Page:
Join Garrick Chow for an in-depth discussion in this video What is the on-demand economy?, part of Working in the On-Demand Economy.
- Until just a few years ago, most people had never heard the term on-demand economy or understood what it referred to, probably because the term didn't exist. But ask someone today if they've ever heard of Uber, and the answer will most likely be yes. The term on-demand economy describes Uber and other services like it. Mainly it describes any business in which customers request a task, an item, or a service to be performed by a real person in a quick and timely fashion, usually within hours or sometimes within minutes of the request being placed. These requests are almost always placed through a mobile app or web-based interface that connects customers directly to the people who are available to perform the job.
On-demand businesses are often described as being disruptive to traditional business models. For example, Uber, which is a service that connects people who need rides to people who are willing to drive their own cars around town to pick up and drop off passengers, is known for being disruptive to the taxi cab industry. Airbnb, which is a service that allows people to rent out their rooms, apartments, or houses directly to people who need lodging is known for being disruptive to the hotel industry. When you become an on-demand worker, you become part of a pool of people who are available to provide services at a moment's notice.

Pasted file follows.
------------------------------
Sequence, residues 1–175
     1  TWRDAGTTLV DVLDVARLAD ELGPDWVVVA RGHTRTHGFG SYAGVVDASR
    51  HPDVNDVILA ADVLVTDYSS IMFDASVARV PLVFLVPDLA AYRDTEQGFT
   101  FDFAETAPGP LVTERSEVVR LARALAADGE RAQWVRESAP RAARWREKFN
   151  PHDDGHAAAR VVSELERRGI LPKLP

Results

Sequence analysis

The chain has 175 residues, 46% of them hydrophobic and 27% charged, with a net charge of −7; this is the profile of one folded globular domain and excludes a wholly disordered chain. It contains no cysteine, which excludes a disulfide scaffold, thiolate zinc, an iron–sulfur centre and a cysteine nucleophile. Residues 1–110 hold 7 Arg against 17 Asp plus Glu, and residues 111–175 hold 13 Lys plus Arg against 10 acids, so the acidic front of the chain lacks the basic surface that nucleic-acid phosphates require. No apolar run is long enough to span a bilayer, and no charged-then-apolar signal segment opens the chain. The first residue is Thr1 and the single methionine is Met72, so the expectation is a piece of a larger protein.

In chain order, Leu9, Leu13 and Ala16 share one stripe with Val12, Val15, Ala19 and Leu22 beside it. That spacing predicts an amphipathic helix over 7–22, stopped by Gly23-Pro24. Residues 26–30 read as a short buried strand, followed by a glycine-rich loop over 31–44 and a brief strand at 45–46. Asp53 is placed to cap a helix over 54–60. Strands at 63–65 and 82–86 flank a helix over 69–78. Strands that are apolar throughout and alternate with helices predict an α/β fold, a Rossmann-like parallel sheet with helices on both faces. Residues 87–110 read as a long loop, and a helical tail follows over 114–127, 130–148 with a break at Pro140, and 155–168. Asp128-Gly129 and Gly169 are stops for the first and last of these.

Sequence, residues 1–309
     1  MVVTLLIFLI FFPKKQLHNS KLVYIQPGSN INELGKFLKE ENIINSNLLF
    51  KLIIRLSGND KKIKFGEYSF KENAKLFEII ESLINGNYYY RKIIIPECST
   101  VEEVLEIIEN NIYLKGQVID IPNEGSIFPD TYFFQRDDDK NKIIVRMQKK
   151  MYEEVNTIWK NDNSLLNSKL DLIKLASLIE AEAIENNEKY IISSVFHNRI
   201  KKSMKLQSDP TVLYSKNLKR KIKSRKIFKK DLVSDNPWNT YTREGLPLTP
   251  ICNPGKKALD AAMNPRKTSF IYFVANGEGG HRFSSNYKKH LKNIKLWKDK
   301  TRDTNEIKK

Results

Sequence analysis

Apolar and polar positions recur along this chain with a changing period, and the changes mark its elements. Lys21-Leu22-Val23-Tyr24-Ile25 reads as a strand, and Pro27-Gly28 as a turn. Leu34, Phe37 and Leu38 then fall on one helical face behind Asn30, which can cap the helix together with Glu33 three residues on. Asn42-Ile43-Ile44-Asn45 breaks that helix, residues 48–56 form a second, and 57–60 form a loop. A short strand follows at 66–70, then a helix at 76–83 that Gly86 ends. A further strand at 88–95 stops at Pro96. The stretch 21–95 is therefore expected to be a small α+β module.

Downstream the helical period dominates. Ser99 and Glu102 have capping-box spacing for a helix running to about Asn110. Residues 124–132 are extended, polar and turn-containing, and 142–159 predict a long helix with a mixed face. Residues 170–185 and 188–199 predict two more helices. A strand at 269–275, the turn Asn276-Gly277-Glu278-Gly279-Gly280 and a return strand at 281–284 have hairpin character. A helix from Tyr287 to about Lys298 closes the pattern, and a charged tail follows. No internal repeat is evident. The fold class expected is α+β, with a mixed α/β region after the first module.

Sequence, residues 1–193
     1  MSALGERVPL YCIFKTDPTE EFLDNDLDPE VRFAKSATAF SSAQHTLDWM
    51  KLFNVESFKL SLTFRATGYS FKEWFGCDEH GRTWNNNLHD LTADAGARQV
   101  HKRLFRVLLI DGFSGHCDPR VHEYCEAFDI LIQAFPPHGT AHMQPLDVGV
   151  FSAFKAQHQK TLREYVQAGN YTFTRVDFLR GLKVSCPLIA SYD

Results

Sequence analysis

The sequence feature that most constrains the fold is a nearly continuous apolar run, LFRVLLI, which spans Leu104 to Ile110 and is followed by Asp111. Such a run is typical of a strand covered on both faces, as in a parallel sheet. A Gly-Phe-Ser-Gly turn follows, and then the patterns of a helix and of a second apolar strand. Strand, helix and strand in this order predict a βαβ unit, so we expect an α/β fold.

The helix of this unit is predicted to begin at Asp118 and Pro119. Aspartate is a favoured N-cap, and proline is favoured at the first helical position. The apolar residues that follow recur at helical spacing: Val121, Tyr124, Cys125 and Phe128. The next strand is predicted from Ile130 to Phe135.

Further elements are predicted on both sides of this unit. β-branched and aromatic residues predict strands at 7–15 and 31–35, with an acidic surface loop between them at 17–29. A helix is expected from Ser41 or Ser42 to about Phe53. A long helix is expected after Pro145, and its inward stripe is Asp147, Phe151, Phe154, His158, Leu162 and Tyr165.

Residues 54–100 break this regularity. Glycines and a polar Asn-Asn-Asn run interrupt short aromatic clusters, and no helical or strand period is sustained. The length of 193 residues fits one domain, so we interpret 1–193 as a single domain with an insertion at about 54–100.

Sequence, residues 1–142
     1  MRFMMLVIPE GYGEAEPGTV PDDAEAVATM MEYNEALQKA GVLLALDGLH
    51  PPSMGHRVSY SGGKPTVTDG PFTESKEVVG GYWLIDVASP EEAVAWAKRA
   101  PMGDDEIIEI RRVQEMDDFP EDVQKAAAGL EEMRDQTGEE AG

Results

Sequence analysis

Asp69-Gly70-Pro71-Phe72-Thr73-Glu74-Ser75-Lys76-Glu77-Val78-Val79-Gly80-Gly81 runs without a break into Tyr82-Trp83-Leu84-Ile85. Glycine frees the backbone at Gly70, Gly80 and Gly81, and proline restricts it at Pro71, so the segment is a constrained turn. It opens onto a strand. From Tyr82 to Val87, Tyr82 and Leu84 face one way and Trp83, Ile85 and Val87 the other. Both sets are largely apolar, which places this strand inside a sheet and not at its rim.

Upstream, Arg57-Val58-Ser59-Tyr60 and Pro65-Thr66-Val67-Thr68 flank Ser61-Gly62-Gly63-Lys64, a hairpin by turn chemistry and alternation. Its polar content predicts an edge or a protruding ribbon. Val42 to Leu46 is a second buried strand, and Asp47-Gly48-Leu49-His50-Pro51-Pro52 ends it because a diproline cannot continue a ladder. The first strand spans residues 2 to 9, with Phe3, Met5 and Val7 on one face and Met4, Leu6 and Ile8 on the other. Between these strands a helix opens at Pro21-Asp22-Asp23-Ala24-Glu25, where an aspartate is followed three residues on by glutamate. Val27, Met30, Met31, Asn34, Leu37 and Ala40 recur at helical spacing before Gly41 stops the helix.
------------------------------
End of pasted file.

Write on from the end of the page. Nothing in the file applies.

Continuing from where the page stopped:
So part of what on-demand really refers to is a notion of instant gratification. Some people don't want to have to call a cab company or walk out onto the street in the hopes of flagging down a taxi. They want to summon a ride on their phones and see exactly when it will arrive. So people don't want to perform menial tasks around the house. They'd rather use an app to find someone local who's available to come over now to perform those tasks. As an on-demand worker, you can fill these roles. The basic idea behind on-demand companies is that they immediately connect people who need something directly to the people who are willing to do the work.
As the worker, often the only thing you need to do to get started is to visit the website of the business in question and apply. Once you've been vetted, you can begin offering your services right away on your own schedule. Essentially, on-demand services let you make money with your time or your skills or your personal property or sometimes a combination of all three. Now just to be clear, in this course, we're going to focus on working for the companies that facilitate this connection between customers and service providers. We won't be discussing work as a self-employed contractor or entrepreneur.
You can find other courses covering those topics here at lynda.com. But on-demand work can be great for anyone looking to generate extra income or to pay the bills while searching for full-time employment because it generally allows you to make your own work schedule and work the hours that are most convenient to you. In the upcoming movies, we'll take a look at some of the top on-demand companies you can work for and discuss some of the qualities of a successful on-demand worker.
Garrick Chow explains the basic structures of the on-demand economy and the skills and characteristics of successful on-demanders, so you can determine if on-demand work is the right fit for you. Then learn about the time commitment and expectations around pay, what the employer provides, and what one can expect from clients. Garrick then discusses tools to keep you organized, including how to best track income and expenses.
Finally, the course offers tips and tricks and a case study based on the author's firsthand experience as an Uber driver.
- Preparing to work on demand
- Managing expectations from on-demand clients
- Tracking expenses and mileage
- Optimizing your income
- Getting support online
- Case study: Becoming an Uber driver